It’s not only the age that matters - some prefab fireplaces have been used very little, while others have been used or even abused (rentals, firebugs, etc.).
Another step toward safety is to look for a metal information tag - often affixed to the fireplace near the bottom of the front. This will identify the manufacturer and the model and may come in handy when buying parts and upgrades.
The Next Steps
Many prefab fireplaces need small repairs on the basics. This often includes replacing or repairing the refractory cement liners and/or replacing or upgrading the grate which the wood sits on. You can easily find replacement grates made for prefabs. These are usually smaller than their masonry cousins, and should be advertised or sold as being specifically for prefabs. Replacement grates run the gamut from very thin steel models to heavy duty cast iron - with prices from $30-$100.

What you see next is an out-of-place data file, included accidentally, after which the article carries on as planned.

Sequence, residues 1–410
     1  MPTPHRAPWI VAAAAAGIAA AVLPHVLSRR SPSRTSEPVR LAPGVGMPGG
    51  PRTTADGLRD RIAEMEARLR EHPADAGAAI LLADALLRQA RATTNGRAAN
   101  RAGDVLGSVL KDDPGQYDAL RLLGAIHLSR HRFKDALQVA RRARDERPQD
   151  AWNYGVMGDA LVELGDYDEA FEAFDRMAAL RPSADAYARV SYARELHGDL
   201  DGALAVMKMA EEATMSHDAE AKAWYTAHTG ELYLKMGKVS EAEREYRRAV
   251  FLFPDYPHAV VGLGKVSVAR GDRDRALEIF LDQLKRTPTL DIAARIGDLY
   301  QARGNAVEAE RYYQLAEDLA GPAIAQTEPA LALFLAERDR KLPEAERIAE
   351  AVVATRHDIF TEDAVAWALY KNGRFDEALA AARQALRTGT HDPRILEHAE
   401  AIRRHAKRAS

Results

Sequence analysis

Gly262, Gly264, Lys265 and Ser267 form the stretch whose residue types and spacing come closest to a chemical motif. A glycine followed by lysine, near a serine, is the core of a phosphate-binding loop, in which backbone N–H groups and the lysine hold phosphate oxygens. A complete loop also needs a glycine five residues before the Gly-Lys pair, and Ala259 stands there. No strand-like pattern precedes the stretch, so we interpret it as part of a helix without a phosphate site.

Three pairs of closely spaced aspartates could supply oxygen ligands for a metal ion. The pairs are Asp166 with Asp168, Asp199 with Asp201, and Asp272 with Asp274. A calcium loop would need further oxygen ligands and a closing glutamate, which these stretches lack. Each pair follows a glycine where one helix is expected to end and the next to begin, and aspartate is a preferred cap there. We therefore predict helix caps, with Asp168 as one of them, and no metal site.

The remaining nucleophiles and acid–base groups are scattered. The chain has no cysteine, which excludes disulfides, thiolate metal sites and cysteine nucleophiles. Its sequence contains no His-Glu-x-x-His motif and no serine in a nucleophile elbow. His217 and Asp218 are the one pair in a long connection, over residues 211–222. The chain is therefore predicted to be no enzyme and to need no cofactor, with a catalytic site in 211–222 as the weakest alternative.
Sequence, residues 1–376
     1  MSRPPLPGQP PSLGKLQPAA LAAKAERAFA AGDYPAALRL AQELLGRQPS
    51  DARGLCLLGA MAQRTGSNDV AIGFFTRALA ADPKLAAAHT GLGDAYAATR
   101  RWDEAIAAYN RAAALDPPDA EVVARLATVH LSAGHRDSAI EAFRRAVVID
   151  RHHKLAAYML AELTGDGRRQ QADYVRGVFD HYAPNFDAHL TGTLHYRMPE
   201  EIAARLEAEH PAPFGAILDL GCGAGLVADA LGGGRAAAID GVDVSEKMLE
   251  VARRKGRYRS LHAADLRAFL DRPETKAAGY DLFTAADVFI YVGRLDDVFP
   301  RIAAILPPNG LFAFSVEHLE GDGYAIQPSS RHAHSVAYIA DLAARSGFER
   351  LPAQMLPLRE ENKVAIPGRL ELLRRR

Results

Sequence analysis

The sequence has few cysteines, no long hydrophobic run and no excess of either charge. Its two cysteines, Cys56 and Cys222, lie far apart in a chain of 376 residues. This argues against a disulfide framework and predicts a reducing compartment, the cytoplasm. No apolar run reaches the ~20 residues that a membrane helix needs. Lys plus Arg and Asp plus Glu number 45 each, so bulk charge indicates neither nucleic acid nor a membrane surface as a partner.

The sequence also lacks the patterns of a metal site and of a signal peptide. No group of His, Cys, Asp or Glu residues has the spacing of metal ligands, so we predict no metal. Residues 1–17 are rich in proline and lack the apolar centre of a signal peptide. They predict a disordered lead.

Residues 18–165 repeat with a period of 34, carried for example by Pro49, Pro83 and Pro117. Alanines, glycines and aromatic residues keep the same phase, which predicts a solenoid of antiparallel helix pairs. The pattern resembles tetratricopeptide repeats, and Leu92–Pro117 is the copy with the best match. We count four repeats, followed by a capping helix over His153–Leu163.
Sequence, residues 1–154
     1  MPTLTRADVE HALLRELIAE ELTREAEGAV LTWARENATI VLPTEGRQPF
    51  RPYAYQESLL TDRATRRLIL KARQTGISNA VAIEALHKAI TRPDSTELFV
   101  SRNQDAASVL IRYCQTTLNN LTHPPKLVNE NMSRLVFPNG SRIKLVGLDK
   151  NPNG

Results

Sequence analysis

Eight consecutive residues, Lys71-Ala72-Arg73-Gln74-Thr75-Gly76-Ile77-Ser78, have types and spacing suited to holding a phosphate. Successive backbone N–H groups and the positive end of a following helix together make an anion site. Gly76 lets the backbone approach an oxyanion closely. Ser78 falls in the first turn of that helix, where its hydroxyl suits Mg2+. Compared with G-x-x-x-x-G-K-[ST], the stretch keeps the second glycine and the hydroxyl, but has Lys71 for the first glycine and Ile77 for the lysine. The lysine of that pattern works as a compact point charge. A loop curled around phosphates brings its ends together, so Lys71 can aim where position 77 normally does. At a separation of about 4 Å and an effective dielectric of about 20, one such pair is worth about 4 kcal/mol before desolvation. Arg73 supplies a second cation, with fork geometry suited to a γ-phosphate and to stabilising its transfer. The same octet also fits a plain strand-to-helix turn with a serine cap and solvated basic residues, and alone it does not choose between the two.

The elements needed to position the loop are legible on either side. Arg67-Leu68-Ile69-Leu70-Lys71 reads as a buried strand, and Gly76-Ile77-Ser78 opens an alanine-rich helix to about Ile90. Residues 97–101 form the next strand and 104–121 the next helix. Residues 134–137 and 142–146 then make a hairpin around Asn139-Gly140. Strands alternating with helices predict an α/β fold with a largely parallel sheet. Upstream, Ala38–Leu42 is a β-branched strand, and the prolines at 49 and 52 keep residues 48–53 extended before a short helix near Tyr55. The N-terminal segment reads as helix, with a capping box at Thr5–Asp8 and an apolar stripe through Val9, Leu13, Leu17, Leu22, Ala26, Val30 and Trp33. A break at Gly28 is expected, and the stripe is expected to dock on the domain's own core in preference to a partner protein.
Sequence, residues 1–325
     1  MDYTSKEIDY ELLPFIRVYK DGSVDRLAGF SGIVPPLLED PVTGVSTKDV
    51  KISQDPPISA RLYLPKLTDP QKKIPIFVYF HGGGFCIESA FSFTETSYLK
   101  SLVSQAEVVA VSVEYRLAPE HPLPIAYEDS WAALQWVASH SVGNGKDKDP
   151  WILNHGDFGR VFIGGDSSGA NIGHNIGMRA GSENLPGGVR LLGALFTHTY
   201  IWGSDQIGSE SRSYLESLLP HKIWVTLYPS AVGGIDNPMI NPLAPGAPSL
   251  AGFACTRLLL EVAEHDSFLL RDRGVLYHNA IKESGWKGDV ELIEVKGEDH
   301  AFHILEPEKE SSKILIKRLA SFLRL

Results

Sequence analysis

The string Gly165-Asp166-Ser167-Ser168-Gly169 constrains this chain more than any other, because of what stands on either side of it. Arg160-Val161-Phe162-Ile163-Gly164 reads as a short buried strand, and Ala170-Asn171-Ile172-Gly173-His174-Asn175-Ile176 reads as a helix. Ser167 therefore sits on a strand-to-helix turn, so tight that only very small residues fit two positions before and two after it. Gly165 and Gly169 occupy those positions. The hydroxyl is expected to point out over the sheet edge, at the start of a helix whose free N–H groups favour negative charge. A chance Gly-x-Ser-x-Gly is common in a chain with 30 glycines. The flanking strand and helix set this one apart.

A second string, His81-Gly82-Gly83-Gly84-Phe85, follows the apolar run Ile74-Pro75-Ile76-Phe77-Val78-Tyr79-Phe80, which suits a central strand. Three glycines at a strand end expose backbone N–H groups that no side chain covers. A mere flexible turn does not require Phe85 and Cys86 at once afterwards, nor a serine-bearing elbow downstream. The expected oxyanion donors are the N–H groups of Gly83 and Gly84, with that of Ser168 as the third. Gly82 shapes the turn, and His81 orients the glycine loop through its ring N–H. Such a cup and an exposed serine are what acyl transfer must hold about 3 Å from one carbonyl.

The buff colored ceramic floors and side/rear liners in these fireplace are made of a material called refractory cement. Small cracks, holes and gouges can often be repaired with pre-mixed refractory cement available at your local masonry supply yard, home center, hardware story or online. If you wish to replace your panels altogether, you might be able to find exact replacement parts. Use an internet search engine and search for your brand, if known…or ask your local chimney sweep. Generic panels can often be purchased and cut to size - an example is at: